By Stephanie Hughes
OSU Extension Volunteer Naturalist
Many people call these bees, but in fact they are not bees. It is a completely different family — and more importantly, a completely different diet which they eat.
We have seen them starting around Labor Day at picnics, the fair around the garbage cans, and even in the garden. They are attracted to rotting fruit, meat and sweets, especially in the fall. They crave sugar as winter approaches, because their normal diet of proteins reduces as winter approaches. The cycle is simple: the fertile queen overwinters, and in the spring begins to build a paper-celled nest. She hatches out 2,000-4,000 female workers that tend to her every whim. As the eggs hatch, they busily care for the offspring, as the family expands to up to 15,000! Only the female (the vast majority) sting, and with a smooth stinger, they can sting, as well as bite, repeatedly. They can even shoot venom into the eyes when defending their nest.
In the ground, they move into rodent holes, or even little holes left by a fence post. They can chew the soil mixed with saliva to make the nest larger. Nests made of paper are of chewed wood.
Yellow jackets are important pollinators and are beneficial in that they hunt and eat many harmful insects. They travel up to a mile from the nest. Traps can catch some of them, but the sure way to try to eradicate them is at night (just before the sunrise), in protective gear using an approved chemical dust shot into the hole or nest site, “immediately followed by a shovel full of moist soil.” Yellow jackets cannot see red, so a red filter on the flashlight is advised, as they will come to the light. As they groom, the insects eat the poison and die, or carry it to others. You should not plug the hole or entry site, as they can chew out (into the home). They are most aggressive around the nest site, and care must be taken, as these predators account for more than half of all human insect stings/bites. They are also drawn to perfumes and bright colored clothing.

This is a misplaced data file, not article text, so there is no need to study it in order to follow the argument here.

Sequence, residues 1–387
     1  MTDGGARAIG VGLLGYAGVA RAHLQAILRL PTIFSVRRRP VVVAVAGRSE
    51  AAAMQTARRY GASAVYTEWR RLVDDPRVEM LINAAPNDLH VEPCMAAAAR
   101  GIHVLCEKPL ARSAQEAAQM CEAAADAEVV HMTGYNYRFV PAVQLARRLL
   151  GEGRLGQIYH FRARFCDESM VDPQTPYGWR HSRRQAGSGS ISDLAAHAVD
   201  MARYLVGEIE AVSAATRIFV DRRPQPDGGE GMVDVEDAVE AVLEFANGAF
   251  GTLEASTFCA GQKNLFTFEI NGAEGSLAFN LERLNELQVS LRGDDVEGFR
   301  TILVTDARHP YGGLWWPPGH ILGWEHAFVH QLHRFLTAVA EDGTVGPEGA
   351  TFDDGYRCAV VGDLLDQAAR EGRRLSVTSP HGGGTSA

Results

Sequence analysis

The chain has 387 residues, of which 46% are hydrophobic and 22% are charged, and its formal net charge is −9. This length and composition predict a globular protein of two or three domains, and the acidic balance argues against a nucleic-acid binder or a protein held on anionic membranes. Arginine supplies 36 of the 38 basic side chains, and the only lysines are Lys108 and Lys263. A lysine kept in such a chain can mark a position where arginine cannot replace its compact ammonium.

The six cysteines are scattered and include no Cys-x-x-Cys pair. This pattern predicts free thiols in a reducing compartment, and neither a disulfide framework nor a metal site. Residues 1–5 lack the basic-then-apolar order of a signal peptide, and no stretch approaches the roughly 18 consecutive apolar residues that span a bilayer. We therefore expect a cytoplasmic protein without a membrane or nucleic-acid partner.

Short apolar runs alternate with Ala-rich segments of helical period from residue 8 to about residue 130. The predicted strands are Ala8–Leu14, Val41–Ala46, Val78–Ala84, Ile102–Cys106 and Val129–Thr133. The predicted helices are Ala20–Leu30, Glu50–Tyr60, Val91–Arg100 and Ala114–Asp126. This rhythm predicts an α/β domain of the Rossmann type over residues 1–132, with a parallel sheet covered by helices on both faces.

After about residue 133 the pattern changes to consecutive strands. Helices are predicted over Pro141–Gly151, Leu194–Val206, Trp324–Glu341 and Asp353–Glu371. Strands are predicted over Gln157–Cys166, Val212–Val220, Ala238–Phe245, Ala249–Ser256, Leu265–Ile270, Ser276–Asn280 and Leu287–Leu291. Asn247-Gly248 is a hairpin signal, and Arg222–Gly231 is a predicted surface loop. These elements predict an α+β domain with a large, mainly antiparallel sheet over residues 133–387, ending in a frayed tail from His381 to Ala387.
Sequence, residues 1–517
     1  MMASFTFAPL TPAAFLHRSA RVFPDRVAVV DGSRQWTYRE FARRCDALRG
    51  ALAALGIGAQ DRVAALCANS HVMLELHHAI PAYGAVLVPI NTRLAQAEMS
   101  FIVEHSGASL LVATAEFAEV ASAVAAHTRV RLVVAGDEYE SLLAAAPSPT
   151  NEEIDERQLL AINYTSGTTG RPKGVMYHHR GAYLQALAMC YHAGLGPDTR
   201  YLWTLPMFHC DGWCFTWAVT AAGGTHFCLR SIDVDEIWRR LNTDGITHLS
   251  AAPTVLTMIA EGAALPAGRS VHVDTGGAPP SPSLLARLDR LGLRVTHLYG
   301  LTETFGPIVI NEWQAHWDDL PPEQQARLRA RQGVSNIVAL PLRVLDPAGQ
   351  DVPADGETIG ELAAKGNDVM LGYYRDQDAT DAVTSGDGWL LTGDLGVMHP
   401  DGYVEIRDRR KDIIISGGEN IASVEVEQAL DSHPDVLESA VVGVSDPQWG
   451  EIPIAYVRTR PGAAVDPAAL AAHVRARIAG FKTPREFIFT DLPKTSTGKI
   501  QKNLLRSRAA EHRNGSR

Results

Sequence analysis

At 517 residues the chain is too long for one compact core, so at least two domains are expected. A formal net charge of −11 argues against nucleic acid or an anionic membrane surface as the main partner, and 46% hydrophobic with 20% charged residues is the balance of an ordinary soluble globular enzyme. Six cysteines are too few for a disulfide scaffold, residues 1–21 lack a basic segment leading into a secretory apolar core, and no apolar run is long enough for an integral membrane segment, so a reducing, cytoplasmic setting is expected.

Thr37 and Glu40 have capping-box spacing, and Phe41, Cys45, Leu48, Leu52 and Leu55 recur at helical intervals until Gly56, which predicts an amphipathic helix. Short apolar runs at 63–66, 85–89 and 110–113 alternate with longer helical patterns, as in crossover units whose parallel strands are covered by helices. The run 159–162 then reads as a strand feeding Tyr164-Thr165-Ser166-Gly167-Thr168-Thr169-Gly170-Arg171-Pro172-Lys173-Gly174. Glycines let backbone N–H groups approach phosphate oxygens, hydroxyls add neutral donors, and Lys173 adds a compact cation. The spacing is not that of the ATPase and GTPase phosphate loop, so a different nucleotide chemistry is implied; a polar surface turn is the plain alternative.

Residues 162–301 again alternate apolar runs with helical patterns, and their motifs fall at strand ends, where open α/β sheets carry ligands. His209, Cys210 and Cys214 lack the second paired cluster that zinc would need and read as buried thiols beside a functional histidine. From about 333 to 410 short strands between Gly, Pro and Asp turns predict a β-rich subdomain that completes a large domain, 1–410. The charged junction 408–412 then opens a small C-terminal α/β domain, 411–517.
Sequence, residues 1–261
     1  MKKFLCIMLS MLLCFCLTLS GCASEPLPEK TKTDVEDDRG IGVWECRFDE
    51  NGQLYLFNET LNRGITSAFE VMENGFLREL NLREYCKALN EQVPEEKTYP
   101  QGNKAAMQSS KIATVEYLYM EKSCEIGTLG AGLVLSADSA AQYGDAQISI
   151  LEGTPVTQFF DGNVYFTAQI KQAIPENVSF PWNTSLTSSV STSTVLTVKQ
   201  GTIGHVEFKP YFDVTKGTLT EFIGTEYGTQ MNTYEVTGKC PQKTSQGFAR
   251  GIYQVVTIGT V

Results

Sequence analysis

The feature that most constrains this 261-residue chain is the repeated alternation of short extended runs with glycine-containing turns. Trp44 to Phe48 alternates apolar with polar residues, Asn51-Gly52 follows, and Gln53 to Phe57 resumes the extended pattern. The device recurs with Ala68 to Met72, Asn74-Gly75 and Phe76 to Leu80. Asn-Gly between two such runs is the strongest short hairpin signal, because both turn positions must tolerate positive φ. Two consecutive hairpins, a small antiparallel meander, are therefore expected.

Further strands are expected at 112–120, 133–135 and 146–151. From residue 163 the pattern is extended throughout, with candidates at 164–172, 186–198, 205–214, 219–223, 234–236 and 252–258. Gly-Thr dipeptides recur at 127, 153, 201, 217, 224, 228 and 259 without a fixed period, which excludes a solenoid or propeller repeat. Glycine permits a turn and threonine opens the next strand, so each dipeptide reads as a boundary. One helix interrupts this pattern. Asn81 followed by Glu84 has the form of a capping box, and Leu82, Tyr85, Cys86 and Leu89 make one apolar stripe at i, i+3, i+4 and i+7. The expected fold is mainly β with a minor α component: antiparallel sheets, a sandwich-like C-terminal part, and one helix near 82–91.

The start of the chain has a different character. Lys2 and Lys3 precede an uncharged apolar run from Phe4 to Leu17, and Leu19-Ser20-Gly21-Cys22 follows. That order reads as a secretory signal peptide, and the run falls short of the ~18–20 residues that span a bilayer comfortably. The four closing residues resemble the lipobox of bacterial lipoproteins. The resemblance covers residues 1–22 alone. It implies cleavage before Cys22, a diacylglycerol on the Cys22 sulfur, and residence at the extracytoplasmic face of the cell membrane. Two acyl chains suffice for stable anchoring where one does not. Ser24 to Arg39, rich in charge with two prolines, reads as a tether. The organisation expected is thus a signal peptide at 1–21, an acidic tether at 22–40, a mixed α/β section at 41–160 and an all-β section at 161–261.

Avoid squashing yellow jackets, as they release a pheromone that alerts other yellow jackets to your location. If you get stung, our experts suggest using an ice pack for 10 minute increments until swelling is reduced. Seek medical attention if you have been stung more than 10 times.
Only the new queen survives the winter.
As with any insecticide, read and follow all labels carefully. To learn more about yellow jackets, go to: http://go.osu.edu/jackets.